Digital technology gives leg up to ecological conservation in Hainan Tropical Rainforest National Park


Since the Hainan Tropical Rainforest National Park was set up as a pilot area in 2019, the southern Chinese province of Hainan has been focusing on building a new model of intelligent ecological management.

The management office of the Hainan Tropical Rainforest National Park has built a provincial-level intelligent management center and a smart rainforest big data platform. Besides, it has also planned an integrated monitoring system for the national park, which aims to make daily patrols, animal protection, and resource monitoring smarter.

After a rain shower, Fu Huiquan, a forest ranger in the Yinggeling nature reserve of the Hainan Tropical Rainforest National Park, and his teammates went on patrolling, observing water bodies and protecting plants. They took photos, made records, and uploaded data.

As they advanced, their whereabouts were shown on a 3D map of a “Hainan Forest Ranger” mobile application. “Hainan Forest Ranger” is an intelligent application that allows forest rangers to take photos and send relevant data back to the smart rainforest big data platform.

The Hainan tropical rainforest is China’s prime example of a concentrated, diverse, well-preserved, and expansive continental island-type tropical rainforest. Paths in the pristine forest are narrow and slippery, with complex and changing conditions. Relying solely on traditional forest protection models would only result in low efficiency, and it is difficult to guarantee the personal safety of forest rangers.

Fu told People’s Daily that over ten years ago, when patrolling the mountains, they only carried a few items: machetes, compasses, and an old-fashioned camera. But now they bring smarter equipment such as satellite positioning devices, drones, and infrared cameras.

If they need to observe the overall situation of the rainforest or monitor areas that are difficult for humans to reach, they use drones for surveying. If they need rescue or spot fires or pests, they can upload photos or videos to the smart rainforest big data platform or directly connect with the platform for consultation and assistance. The upgraded equipment has made today’s patrols safer and more efficient.

The Hainan gibbon is one of the most endangered primate species in the world. The Bawangling nature reserve at the Hainan Tropical Rainforest National Park is the animal’s only habitat.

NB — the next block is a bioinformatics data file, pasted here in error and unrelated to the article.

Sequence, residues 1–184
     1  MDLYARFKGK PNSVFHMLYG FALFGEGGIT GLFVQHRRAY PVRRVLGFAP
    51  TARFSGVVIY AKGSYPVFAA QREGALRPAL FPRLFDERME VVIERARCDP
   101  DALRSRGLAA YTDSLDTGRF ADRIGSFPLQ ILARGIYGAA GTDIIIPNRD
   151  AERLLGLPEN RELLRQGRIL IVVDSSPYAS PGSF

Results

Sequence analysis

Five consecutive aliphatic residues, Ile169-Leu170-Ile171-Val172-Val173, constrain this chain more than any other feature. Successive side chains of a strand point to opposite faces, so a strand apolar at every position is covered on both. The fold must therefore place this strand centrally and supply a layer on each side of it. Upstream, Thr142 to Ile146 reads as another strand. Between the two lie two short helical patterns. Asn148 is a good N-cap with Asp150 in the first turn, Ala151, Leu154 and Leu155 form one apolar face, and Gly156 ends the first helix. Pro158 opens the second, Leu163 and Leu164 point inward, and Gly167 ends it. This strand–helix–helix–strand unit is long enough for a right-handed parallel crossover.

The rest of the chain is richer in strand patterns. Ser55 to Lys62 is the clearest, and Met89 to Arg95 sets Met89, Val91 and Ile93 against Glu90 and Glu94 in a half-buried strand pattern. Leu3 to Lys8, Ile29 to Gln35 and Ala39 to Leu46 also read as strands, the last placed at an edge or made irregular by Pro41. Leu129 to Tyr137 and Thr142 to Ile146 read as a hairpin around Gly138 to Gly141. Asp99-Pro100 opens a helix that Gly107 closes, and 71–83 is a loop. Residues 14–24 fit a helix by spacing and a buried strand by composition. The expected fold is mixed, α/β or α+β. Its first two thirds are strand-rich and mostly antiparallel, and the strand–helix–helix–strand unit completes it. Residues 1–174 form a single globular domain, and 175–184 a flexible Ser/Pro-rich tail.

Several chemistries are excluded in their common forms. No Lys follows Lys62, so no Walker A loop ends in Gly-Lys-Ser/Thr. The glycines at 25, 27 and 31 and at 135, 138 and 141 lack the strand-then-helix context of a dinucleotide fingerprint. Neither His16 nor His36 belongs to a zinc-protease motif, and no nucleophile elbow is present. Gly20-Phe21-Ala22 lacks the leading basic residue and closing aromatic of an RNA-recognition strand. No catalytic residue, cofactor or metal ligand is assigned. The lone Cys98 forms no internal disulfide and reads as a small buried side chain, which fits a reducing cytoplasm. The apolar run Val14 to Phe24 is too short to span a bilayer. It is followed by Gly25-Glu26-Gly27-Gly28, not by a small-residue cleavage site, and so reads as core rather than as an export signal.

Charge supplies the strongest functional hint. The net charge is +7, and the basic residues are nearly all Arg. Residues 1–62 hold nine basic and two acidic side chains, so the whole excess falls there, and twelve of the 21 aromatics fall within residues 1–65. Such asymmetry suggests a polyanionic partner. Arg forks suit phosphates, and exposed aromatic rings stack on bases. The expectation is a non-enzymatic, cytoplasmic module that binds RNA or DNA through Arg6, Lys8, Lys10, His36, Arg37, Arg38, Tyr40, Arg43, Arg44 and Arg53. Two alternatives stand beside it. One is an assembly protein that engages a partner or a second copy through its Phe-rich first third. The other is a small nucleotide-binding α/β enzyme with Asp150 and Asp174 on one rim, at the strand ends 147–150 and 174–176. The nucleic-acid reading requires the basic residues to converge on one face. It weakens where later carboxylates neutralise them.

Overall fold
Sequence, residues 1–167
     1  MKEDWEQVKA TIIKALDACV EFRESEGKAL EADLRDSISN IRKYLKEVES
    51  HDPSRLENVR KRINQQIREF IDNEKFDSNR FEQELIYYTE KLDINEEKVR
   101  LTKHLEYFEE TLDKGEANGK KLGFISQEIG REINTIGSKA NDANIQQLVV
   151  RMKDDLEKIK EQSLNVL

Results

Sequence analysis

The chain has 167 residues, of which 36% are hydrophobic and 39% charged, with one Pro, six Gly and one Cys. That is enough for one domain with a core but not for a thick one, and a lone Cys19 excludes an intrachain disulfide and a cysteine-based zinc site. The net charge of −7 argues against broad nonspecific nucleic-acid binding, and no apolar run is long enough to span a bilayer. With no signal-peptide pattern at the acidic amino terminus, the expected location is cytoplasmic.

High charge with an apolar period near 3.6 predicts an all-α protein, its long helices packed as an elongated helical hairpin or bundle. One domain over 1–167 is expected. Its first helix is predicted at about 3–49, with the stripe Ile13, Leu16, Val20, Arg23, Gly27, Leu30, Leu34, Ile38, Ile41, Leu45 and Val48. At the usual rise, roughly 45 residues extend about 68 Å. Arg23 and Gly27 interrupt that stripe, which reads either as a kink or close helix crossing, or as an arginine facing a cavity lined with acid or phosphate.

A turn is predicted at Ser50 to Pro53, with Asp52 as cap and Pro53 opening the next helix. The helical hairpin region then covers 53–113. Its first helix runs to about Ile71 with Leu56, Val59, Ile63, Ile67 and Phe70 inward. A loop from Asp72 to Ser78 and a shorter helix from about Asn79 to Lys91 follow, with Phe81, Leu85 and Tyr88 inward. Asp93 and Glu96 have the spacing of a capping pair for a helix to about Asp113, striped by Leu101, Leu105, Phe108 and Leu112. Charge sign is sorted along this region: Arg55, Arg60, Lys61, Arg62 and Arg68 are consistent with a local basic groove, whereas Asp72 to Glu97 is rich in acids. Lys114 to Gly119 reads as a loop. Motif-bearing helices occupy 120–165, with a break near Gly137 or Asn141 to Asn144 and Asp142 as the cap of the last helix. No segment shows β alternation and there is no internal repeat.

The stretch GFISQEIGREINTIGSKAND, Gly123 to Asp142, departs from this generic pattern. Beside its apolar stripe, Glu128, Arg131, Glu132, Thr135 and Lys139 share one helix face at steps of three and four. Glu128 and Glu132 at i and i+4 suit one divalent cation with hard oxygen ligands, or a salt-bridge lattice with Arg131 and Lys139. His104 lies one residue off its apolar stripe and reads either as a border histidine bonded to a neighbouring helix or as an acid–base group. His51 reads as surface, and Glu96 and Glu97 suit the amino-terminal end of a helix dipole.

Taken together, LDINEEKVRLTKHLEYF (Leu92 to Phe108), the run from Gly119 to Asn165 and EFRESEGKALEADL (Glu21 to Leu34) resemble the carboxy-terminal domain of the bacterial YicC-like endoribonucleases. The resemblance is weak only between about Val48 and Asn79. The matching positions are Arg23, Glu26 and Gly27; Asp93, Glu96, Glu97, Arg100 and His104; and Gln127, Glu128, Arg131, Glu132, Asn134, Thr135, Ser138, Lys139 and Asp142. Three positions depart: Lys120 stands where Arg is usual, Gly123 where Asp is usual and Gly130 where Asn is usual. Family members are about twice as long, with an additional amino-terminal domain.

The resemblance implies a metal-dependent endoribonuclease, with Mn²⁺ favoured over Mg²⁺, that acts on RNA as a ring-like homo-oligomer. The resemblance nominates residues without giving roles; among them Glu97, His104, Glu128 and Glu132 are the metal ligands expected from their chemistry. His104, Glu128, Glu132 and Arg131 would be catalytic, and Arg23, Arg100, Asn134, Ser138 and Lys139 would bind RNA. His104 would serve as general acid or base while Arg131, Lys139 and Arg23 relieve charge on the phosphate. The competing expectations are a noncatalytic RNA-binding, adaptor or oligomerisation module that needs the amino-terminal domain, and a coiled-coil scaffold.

On the screens in the Bawangling nature reserve’s monitoring center, two Hainan gibbons were seen chasing and leaping through the forest, with the video closely tracking their actions as they ran and jumped.

With the help of 360-degree panoramic cameras that automatically capture and transmit the activities of the Hainan gibbons in real-time, monitoring personnel located tens of kilometers away can observe every action of the animal by simply moving their fingers.

Since the launch of the smart rainforest project in 2021, a total of 105 surveillance cameras, approximately 35 kilometers of vibration fiber optic cables, and hundreds of infrared thermal sensing triggered cameras have been installed in the Bawangling and Diaoluoshan nature reserves at the national park, building an all-encompassing “electronic fence” without any blind spot.

Wild animals’ movements are unpredictable. Relying solely on field patrols and monitoring provides limited information. However, the “electronic fence” allows for 24-hour monitoring of the surveillance areas. To minimize the impact on wildlife, all monitoring facilities have been designed to resemble trees.

The surveillance cameras and vibration fiber optic cables are placed at key points where the core areas and the general control areas converge. If unauthorized individuals or vehicles attempt to enter the core areas of the national park, these devices will alert potential risks.

“After the application of the ‘electronic fence,’ the incidents of unauthorized personnel entering the protected areas have been effectively controlled,” said Wang Nan, deputy director of the management office of the Hainan Tropical Rainforest National Park.

With the assistance of digital technology, the population of Hainan gibbons has now recovered to 37 individuals in six groups, Wang said.

Since 2019, the rainforest has revealed 54 new species to researchers. In addition, several rare and endangered species that had not been sighted there in years have reemerged – such as the water monitor and fine-spined frog.

In an ecological monitoring area in the Jianfengling nature reserve, there is a white metal box standing out amidst the lush green trees. This box is an atmospheric negative oxygen ion monitoring system, which not only monitors atmospheric negative oxygen ions but also tracks air particulate matters, temperature, humidity, wind speed, and solar radiation. It automatically transmits various monitoring data to the Jianfengling ecological data management center at regular intervals, contributing to the enhancement of rainforest conservation capabilities.

As of now, the Hainan Tropical Rainforest National Park has established four ecological observation and research stations, over 110 monitoring stations, and nearly 500 long-term dynamic monitoring sites, forming a preliminary eco-monitoring network.

Through continuous exploration, the Hainan Tropical Rainforest National Park has formulated a set of methods and systems to measure the value of tropical rainforest resources. In September 2021, it became the first national park in

China to complete the accounting of gross ecosystem product, with a value of 204.5 billion yuan ($28.79 billion).


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